I love coffee. Unlike many coffee drinkers, I like it enough to take it black, no sweetener.
(I confess to liking the occasional bit of spice – ginger and chilli, for example. But my default brew is straight from the plant).
Also, I drink it because I like it. I’m lucky enough to not rely on the caffeine hit. Coffee is a treat to be savoured, not a biological requirement.
It’s tasty and good for you. And, boy, do people love it.
It’s funny, then, that people do their best to ruin it.
Coffee is bitter, so people add things to it. Sugar, sweetener, milk. All agents designed to make the coffee palatable.
Me? I think coffee is palatable enough. And I think of the Taoist practice of consuming bitter herbs to cleanse your system and kill parasites.
The bitterness in coffee is the point of coffee. It doesn’t need balancing or masking. It’s a rich, bold indulgence that sets your senses free. Sweet coffee defies its own truth and essence.
It’s about variety. There’s room in life for sweet and creamy, bitter and sour, salty and refreshing. Your spectrum goes beyond ‘sweet’ and ‘kinda sweet’. Bitterness is good, whether the Taoists are right or it just refreshes you.
“But I like sweet things!”
Me, too. Thanks to black coffee, things like berries, coconut, even some vegetables taste sweet to me. This is not in spite of liking bitter things – it’s because of it. Once you know the darkness, any light is bright enough.
Although it sounds like the beginning of a joke, I like my meditation how I like my coffee:
Caffeine and napping can leave you feeling irritable or tired. Meditation, in my experience, is a smoother high. It doesn’t always work but it’s far more effective. In my case, I’d guess that meditation is at least three times more likely to leave me focused and energised than coffee or a nap.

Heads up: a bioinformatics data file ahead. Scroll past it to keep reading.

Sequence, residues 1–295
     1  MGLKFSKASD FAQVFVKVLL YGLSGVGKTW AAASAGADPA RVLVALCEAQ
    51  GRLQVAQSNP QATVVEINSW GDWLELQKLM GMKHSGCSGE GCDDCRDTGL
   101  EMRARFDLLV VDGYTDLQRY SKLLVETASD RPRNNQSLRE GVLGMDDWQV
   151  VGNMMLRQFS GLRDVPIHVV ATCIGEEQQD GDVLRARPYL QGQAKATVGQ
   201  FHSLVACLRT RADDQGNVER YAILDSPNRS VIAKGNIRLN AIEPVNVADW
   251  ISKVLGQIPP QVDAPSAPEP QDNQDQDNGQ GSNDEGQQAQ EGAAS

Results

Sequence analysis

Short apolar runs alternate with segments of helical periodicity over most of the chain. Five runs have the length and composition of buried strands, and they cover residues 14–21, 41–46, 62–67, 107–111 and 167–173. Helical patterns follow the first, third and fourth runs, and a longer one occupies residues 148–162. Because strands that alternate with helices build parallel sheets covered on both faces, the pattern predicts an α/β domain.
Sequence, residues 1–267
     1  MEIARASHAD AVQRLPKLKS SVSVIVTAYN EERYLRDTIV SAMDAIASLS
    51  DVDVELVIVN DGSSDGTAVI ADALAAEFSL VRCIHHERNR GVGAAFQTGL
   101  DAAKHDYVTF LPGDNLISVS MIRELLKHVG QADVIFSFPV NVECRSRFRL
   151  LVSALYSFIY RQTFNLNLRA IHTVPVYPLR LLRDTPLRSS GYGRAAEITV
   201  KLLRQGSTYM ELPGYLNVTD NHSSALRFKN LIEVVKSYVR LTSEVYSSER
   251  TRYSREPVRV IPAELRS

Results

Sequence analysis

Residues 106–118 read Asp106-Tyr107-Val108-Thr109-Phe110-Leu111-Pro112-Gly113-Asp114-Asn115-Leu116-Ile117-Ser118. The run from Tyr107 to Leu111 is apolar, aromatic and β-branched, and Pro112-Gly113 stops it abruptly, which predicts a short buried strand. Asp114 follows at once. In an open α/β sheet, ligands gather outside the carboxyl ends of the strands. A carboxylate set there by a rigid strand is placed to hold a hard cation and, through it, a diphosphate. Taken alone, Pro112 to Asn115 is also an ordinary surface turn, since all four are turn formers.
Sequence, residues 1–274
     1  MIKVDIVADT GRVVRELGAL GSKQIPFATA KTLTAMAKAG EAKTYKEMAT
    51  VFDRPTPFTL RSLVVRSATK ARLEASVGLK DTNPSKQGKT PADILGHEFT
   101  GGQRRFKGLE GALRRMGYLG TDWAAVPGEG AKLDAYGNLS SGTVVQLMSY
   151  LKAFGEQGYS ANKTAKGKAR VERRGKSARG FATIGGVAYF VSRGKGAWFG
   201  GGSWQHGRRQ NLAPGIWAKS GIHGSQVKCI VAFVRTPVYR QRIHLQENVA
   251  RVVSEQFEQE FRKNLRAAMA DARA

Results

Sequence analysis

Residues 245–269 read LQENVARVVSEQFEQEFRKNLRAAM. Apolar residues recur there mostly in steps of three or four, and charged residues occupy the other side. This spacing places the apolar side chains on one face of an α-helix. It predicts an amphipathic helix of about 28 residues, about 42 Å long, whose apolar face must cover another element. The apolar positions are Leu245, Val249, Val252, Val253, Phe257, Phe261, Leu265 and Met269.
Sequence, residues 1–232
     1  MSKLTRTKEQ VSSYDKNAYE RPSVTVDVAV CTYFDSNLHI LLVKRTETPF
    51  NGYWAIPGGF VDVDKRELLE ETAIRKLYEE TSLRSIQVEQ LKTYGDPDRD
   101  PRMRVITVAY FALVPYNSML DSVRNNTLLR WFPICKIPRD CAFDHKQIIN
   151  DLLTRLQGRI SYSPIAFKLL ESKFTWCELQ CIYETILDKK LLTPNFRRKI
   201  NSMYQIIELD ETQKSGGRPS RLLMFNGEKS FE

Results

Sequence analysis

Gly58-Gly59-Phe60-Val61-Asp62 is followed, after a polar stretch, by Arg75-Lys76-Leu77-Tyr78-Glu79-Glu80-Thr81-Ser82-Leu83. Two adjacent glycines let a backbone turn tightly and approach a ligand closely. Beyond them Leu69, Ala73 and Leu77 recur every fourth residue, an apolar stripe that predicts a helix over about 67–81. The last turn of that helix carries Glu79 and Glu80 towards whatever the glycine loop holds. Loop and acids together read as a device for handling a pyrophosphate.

If you listen to people talk about meditation, it sounds all roses and rainbows. With expectations like this, no wonder so many people quit. The truth is that meditation goes wrong. It’s hard work. Some days your mind just won’t settle. Other days it veers towards anger or sadness.
And that’s fine. More than that – it’s great! A major benefit of regular practice is learning to cope with distraction and negativity. Training your focus and emotion is even more powerful when these are scattered and unwieldy.
Besides, even a ‘failed’ meditation session leaves you better off than no meditation at all.
Or with friends!
I bet there are over 7 billion ways to make coffee – enough for a favourite style each. Meditation is the same. There are popular approaches, uncommon approaches and simply plain weird approaches. But, hey, you don’t have to answer to me or anyone else. If it works for you, do it.
In my earlier days, I went through a phase of meditation to punk music. It did what I needed it to do (though I doubt I’ll ever go back to that).
Don’t let anyone judge you for your taste.
It’s possible to get fancy with apps, mantras, music, binaural beats and equipment. These things are great for beginners and pros looking to break the monotony.
There are great ones out there. If you have a favourite, use it. If not, have a look around my site. If you struggled with this in the past or are unsure how to start, try my hypnotically crafted meditations. These guide you to an inner state of focus, whether you’re a meditator or not. Experiment with them and compare your results.
The main thing is to start. Why hesitate with something so healthy for your mind?